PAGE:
I’m writing this on Day 11 of The Beet’s 21-Day Plant-Based Challenge.  Three things recently got me here, on what’s probably the 797th of such diet challenges I’ve tried over the decades—but somehow this one really does feel different (Disclosure:  I’ve said that about Keto, Atkins, Paleo, Weight Watchers, the Cabbage Soup Diet, and probably a dozen others).

First, my friend Lucy Danziger launched The Beet, which got me interested in reading about the benefits of a plant-based lifestyle from her daily newsletter.  Second, literally five people over three days told me about The Game Changers on Netflix, which features UFC fighter James Wilks and his quest to uncover the science to support the health benefits from a plant-based diet.  It’s a very convincing film, where everyone from Arnold Schwarzenegger to a group of meat-loving New York City firefighters espouse a plant-based lifestyle and seem to set a new path toward lifelong wellbeing.

But the third motivator is perhaps the most serious and urgent.  My 70-year father was recently diagnosed with dementia, the kind that’s likely to mimick Alzheimer’s Disease.  We’ve heckled him for years about forgetting where he put his keys, or asking the same questions two or three times, or even because of the blank, sad look he’s sometimes had on his face, telling him to just “snap out of it, Pop.”  To learn it’s actually been a slow road to dementia has been heartbreaking for our family.  He’s only seventy, how is this happening!?  But as my concern for him deepens, I’m selfishly seeing my father as a crystal ball—as if I'm getting a peek at 24 years into my future—and I’m petrified by what I see.

So here I am, on Day 11. My mind has been more clear, my body feels less bloated and free of inflammation and I have damn near close to 12-hours of uninterrupted energy each day—something I only used to experience in short bursts. I’ve lost a few pounds, but for the first time in my lifelong career as a Professional Dieter, weight loss is actually the second—maybe even the third—thing I’m going for after a healthy brain and healthy heart that will help me live purposefully into my nineties.

My Chickpea “Tuna” Salad Experiment

I visited my parents yesterday with my 14-year-old son, and I did what any dutiful Jewish son would do when they visit their aging parents on the New Jersey shore:  I took them to the diner for lunch.  Where I was raised, diners are an institution that provide equal comfort over eggs and crispy bacon on a Sunday morning as they do over a patty melt and disco fries at 2:00 a.m. on a Friday night.

For the first time in my life, I had what only can be described as "Diner’s Order Block."  I studied every. single. page. but couldn’t find any good vegan options.  A big salad?  Not in the mood.  The “Garden” Burger?  Who orders a garden burger at a diner?  Has to taste like cardboard.  As my mom landed on ordering the hot opened-faced turkey sandwich, my dad chose the beef stroganoff and my son chose the bacon sandwich, I felt very underwhelmed and panicked. I settled on what ended up being a very mediocre Portobello mushroom veggie wrap, without the provolone cheese, and a side of fries.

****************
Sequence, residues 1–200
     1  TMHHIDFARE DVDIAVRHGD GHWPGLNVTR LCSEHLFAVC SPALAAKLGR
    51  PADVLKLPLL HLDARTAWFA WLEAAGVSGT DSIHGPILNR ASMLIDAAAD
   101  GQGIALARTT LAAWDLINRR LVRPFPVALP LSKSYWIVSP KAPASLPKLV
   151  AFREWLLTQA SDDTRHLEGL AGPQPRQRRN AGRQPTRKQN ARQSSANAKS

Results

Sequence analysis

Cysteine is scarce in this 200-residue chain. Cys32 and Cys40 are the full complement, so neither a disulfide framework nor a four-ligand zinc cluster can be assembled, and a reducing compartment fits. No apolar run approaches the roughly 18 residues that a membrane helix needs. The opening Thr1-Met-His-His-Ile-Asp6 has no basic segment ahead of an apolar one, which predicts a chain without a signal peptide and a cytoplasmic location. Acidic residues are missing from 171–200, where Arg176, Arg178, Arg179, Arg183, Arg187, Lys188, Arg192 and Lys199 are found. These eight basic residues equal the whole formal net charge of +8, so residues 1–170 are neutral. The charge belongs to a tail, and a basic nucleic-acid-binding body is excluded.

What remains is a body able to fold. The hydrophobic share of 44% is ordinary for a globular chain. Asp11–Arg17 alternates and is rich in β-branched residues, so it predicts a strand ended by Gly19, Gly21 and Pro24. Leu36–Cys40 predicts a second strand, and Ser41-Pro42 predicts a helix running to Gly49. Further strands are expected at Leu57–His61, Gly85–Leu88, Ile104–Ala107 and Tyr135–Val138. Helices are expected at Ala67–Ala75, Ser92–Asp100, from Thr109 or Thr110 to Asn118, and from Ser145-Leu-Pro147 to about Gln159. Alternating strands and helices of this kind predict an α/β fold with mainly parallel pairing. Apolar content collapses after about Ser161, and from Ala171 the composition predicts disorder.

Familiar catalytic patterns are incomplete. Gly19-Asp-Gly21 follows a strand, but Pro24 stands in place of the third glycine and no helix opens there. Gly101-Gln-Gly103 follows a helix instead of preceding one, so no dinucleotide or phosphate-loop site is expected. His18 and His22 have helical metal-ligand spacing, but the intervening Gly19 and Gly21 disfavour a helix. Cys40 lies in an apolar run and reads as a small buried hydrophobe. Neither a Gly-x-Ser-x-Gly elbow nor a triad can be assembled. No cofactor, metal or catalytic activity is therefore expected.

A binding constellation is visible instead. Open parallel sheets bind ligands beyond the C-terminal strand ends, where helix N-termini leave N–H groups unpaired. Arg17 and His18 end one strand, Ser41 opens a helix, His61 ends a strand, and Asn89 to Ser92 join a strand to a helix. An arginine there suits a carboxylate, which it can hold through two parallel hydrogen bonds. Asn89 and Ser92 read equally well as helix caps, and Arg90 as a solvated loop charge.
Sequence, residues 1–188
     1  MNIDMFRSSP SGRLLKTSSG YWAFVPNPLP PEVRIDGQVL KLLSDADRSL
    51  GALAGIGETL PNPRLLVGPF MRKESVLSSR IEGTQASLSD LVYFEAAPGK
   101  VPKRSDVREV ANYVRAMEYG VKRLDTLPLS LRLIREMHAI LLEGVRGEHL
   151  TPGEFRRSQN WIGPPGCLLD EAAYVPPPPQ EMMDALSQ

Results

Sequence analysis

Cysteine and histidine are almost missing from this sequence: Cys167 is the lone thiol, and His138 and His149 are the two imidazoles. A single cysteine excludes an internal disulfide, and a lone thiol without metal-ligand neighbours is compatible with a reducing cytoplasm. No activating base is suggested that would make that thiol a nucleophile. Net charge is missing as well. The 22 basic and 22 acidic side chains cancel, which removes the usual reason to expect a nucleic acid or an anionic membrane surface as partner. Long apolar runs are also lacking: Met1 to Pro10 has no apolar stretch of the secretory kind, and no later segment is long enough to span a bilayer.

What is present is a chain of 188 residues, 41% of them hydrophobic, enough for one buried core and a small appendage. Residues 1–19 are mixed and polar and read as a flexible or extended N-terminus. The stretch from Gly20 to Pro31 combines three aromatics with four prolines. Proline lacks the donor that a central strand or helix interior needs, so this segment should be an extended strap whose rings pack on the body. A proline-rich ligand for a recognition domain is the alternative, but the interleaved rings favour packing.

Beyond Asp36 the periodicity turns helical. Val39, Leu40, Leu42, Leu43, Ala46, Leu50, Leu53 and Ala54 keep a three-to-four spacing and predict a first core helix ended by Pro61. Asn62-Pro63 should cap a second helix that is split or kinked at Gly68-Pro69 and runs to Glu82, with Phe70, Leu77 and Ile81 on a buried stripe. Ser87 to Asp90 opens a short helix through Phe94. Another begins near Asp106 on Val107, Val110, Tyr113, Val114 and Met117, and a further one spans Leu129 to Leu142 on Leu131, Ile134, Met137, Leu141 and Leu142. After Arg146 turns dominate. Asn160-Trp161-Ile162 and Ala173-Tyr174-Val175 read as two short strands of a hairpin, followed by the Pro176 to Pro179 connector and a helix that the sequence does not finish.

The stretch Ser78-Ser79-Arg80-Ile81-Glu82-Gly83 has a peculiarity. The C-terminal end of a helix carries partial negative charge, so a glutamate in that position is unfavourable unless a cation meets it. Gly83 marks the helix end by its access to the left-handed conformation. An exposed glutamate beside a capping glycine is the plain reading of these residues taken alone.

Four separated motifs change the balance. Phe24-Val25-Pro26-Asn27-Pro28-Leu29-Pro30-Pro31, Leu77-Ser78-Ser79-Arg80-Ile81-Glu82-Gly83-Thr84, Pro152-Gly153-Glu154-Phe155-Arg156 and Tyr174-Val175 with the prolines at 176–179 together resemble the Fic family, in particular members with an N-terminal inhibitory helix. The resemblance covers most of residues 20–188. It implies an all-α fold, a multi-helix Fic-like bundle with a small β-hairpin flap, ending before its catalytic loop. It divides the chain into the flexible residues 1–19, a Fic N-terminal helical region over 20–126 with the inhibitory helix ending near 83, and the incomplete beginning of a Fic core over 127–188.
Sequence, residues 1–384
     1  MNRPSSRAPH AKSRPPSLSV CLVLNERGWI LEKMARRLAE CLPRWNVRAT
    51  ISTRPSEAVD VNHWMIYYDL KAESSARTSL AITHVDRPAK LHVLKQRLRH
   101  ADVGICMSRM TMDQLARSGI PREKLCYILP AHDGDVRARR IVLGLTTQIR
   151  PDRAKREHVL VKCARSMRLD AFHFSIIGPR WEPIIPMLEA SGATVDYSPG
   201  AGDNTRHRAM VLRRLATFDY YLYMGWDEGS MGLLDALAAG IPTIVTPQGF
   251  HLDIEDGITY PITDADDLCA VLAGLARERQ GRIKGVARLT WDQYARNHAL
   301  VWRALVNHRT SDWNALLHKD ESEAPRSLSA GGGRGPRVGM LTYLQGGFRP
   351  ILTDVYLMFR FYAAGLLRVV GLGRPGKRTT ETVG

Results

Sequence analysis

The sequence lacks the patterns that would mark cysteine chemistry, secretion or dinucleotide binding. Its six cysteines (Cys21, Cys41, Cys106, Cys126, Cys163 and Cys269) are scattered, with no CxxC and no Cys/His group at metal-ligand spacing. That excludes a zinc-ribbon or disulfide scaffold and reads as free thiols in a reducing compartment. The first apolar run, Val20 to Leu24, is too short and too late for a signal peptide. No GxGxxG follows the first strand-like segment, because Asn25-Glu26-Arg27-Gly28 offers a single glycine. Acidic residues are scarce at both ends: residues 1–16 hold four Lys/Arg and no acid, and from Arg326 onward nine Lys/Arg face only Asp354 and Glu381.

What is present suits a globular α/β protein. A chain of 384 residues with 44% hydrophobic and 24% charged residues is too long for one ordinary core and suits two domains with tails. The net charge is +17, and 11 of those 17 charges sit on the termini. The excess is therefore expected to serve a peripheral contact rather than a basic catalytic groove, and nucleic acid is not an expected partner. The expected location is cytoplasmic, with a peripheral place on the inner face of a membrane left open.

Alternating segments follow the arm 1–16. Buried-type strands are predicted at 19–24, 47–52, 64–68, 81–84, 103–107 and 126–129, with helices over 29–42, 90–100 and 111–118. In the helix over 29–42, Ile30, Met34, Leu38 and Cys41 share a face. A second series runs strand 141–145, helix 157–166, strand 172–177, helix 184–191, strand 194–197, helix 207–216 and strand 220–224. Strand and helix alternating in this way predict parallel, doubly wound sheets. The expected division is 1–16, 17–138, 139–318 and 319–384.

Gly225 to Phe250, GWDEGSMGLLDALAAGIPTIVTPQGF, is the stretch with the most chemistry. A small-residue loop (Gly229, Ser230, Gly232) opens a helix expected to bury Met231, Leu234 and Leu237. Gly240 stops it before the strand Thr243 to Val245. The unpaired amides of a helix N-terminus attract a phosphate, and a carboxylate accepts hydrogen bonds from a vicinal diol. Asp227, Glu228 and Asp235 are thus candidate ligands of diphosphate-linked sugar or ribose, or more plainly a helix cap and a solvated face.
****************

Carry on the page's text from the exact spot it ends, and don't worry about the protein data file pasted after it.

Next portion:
But what I really wanted was the tuna melt.  I hadn’t thought about tuna salad in months, but seeing it on the diner's menu made me crave it, and I almost convinced myself to order it thinking, “I’ve been so good, this won’t kill me.”  But my new, clearer, vegan head prevailed, as did the veggie wrap.

Serendipity called the next morning, and it came in the form of my daily newsletter from The Beet.  I awoke to JD Raymundo’s recipe for Chickpea "Tuna" Salad in my inbox and ran right over to Whole Foods for the ingredients I was missing:  Vegan mayo, lemon and bread.  The recipe is super easy to mash up, and the only thing I skipped was the Old Bay (just never been a fan).  Instead of JD’s classic sandwich construction, I decided to satisfy yesterday’s craving and turned my chickpea “tuna” salad into a bona fide vegan version of a New Jersey Diner Tuna Melt Deluxe.

After making the “tuna” salad, I spread vegan mayo on whole-grain bread and placed each slice spread-side down in a frying pan. I then topped each side with Violife’s vegan mature cheddar slices, and then spooned on my chickpea “tuna” salad.   After a minute or two, I flipped one side on top of the other and grilled the sandwich on each side for another few minutes until the bread was golden and crispy.

To make it a tuna melt “deluxe”, I whipped up some fries by cutting up a sweet potato into sticks, then tossing them in olive oil, salt, pepper, garlic salt, and paprika before baking for 30 minutes on 400 degrees.  Dill pickle on the side, and deluxe it became.

The final result was delicious and satisfying!  The consistency was very tuna salad-like, and the diced onion, pickle and celery gave it a nice little crunch and that familiar flavor profile for which I was craving.  While I was disappointed I couldn’t get the cheese to melt more without burning the bread, I was very pleased with the taste and creaminess of the Violife cheese.  The vegan mayo was also great for that golden brown crispiness of the bread. Next time, I’m going to double the “tuna” salad recipe and have enough for a few lunches or snacks throughout the week.

With simple, protein-rich options like this, I’m finding it easier and easier to stay plant-based, and look forward to the days and weeks ahead!


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